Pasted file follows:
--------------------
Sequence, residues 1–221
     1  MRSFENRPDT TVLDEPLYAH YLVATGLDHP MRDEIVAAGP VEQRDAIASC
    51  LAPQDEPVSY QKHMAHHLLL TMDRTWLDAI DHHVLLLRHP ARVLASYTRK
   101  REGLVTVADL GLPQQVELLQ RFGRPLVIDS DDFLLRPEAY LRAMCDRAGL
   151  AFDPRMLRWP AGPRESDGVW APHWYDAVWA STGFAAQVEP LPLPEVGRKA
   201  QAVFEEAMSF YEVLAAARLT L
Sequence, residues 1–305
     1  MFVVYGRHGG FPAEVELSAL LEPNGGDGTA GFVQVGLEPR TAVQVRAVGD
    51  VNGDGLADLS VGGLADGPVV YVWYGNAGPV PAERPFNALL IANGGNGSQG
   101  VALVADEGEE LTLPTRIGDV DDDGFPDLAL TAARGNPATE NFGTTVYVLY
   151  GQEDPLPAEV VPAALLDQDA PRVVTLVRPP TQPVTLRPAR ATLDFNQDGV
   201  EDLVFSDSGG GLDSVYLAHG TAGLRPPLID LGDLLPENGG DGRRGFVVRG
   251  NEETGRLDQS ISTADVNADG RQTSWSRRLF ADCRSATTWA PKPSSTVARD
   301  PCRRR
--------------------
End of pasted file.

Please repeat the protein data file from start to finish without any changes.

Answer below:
Sequence, residues 1–221
     1  MRSFENRPDT TVLDEPLYAH YLVATGLDHP MRDEIVAAGP VEQRDAIASC
    51  LAPQDEPVSY QKHMAHHLLL TMDRTWLDAI DHHVLLLRHP ARVLASYTRK
   101  REGLVTVADL GLPQQVELLQ RFGRPLVIDS DDFLLRPEAY LRAMCDRAGL
   151  AFDPRMLRWP AGPRESDGVW APHWYDAVWA STGFAAQVEP LPLPEVGRKA
   201  QAVFEEAMSF YEVLAAARLT L
Sequence, residues 1–305
     1  MFVVYGRHGG FPAEVELSAL LEPNGGDGTA GFVQVGLEPR TAVQVRAVGD
    51  VNGDGLADLS VGGLADGPVV YVWYGNAGPV PAERPFNALL IANGGNGSQG
   101  VALVADEGEE LTLPTRIGDV DDDGFPDLAL TAARGNPATE NFGTTVYVLY
   151  GQEDPLPAEV VPAALLDQDA PRVVTLVRPP TQPVTLRPAR ATLDFNQDGV
   201  EDLVFSDSGG GLDSVYLAHG TAGLRPPLID LGDLLPENGG DGRRGFVVRG
   251  NEETGRLDQS ISTADVNADG RQTSWSRRLF ADCRSATTWA PKPSSTVARD
   301  PCRRR